The analysis of a proposed Bivens claim proceeds in two steps: A court asks first whether the case presents “a new Bivens context”—i.e., is it “meaningfully different from the three cases in which the Court has implied a damages action,” and, second, even if so, do “special factors” indicate that the Judiciary is at least arguably less equipped than Congress to “weigh the costs and benefits of allowing a damages action to proceed.”
This two step inquiry often resolves to a single question: whether there is any reason to think that Congress might be better equipped to create a damages remedy. Further, under the Court’s precedents, a court may not fashion a Bivens remedy if Congress already has provided, or has authorized the Executive to provide, “an alternative remedial structure.”
The Court of Appeals conceded that Boule’s Fourth Amendment claim presented a new Bivens context, but its conclusion that there was no reason to hesitate before recognizing a cause of action against Egbert was incorrect for two independent reasons.
(1) First, the risk of undermining border security provides reason to hesitate before extending Bivens into this field. In Hernández, we declined to create a damages remedy for an excessive force claim against a Border Patrol agent because regulating the conduct of agents at the border unquestionably has national security implications.
That reasoning applies with full force here. The Court of Appeals disagreed because it viewed Boule’s Fourth Amendment claim as akin to a conventional excessive force claim, as in Bivens, and less like the cross-border shooting in Hernández.
But that does not bear on the relevant point: Permitting suit against a Border Patrol agent presents national security concerns that foreclose Bivens relief. Courts should ask whether there is any reason to think that judicial intrusion into a given field might be harmful or inappropriate. The proper inquiry here is whether a court is competent to authorize a damages action not just against Agent Egbert, but against Border Patrol agents generally. The answer is no.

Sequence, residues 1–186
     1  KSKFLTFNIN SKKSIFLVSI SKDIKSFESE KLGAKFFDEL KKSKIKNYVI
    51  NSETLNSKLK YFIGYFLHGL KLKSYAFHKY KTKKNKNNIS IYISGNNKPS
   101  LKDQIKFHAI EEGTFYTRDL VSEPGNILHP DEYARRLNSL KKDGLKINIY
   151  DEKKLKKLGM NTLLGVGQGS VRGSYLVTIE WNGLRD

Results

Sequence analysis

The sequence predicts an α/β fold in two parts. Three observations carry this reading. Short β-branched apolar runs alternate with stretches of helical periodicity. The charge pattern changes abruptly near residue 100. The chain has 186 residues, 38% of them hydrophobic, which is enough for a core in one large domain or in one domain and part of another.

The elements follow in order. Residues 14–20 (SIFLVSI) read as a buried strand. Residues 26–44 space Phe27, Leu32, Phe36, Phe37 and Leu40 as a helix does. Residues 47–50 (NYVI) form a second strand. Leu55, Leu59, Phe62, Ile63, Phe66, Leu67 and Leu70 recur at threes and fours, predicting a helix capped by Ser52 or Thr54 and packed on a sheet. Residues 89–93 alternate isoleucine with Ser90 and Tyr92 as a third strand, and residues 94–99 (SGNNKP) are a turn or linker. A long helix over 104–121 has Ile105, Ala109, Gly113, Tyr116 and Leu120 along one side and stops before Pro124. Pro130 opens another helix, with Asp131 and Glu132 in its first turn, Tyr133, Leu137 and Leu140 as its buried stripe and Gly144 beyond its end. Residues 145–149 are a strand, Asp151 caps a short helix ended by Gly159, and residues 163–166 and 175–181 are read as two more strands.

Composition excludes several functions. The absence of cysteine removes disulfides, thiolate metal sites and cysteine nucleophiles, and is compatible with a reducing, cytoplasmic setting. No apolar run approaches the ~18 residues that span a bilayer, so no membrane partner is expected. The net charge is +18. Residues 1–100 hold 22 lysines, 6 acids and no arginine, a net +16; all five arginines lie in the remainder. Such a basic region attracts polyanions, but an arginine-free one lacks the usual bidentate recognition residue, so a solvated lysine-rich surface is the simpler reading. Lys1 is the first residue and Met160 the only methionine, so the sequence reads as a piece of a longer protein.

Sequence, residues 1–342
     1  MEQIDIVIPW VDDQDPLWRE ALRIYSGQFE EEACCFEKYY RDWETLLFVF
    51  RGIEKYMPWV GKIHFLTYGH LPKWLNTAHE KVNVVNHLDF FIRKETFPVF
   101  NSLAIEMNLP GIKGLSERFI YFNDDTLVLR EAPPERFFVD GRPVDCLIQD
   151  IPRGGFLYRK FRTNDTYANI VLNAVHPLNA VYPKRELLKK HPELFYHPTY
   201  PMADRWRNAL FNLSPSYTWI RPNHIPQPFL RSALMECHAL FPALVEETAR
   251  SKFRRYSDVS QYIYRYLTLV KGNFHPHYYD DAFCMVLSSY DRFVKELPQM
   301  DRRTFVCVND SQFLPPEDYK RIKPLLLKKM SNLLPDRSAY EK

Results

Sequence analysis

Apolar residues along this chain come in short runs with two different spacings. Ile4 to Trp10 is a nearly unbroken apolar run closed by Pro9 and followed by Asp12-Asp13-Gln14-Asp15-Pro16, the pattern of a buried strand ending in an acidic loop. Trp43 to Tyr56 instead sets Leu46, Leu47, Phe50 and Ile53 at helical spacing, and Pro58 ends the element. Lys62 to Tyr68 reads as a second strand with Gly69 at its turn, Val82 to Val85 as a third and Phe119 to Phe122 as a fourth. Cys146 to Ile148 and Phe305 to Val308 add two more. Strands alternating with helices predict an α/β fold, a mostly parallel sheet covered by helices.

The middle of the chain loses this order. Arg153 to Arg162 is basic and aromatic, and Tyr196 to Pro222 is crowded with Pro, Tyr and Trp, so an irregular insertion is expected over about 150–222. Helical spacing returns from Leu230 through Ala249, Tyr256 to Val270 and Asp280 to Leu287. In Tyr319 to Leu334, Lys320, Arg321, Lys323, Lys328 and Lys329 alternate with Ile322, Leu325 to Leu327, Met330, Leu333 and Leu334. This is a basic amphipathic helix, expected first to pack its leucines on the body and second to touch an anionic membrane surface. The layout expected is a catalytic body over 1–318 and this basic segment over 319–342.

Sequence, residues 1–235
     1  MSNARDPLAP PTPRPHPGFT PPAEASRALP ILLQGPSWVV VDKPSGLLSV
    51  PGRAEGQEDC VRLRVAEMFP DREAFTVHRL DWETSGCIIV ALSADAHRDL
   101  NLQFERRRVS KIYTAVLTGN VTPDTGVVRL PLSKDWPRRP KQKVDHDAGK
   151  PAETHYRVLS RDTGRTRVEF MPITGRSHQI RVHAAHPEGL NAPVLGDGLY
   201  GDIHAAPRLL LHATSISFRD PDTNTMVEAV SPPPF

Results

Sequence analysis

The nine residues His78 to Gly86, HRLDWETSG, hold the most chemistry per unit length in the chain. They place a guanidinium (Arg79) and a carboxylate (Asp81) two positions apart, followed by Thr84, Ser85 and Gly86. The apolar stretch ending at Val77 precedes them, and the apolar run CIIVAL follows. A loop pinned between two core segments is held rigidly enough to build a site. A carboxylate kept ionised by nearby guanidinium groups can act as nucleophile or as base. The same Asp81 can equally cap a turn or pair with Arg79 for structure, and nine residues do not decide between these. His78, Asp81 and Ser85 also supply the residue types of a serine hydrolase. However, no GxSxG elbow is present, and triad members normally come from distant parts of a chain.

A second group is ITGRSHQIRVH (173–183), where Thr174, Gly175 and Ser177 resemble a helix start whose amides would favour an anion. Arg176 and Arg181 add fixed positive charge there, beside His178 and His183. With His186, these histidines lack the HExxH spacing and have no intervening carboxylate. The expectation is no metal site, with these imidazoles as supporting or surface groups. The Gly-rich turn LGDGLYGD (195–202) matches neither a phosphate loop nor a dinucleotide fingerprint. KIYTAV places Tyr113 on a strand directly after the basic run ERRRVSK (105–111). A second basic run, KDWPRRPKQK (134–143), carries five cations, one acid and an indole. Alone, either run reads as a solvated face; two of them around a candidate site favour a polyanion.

(2) Second, Congress has provided alternative remedies for aggrieved parties in Boule’s position that independently foreclose a Bivens action here. By regulation, Border Patrol must investigate alleged violations and accept grievances from any persons. 8 CFR §§287.10(a)–(b).
Boule claims that this regulatory grievance procedure was inadequate, but this Court has never held that a Bivens alternative must afford rights such as judicial review of an adverse determination. Bivens is concerned solely with deterring the unconstitutional acts of individual officers.
And, regardless, the question whether a given remedy is adequate is a legislative determination. As in Hernández, this Court has no warrant to doubt that the consideration of Boule’s grievance secured adequate deterrence and afforded Boule an alternative remedy.
B. First Amendment retaliation claim
There is no Bivens cause of action for Boule’s First Amendment retaliation claim. That claim presents a new Bivens context, and there are many reasons to think that Congress is better suited to authorize a damages remedy.
Extending Bivens to alleged First Amendment violations would pose an acute risk that fear of personal monetary liability and harassing litigation will unduly inhibit officials in the discharge of their duties. In light of these costs, Congress is in a better position to decide whether or not the public interest would be served by imposing a damages action.
The Court of Appeals’ reasons for extending Bivens in this context—that retaliation claims are “well established” and that Boule alleges that Agent Egbert was not carrying out official duties when the retaliation occurred lack merit.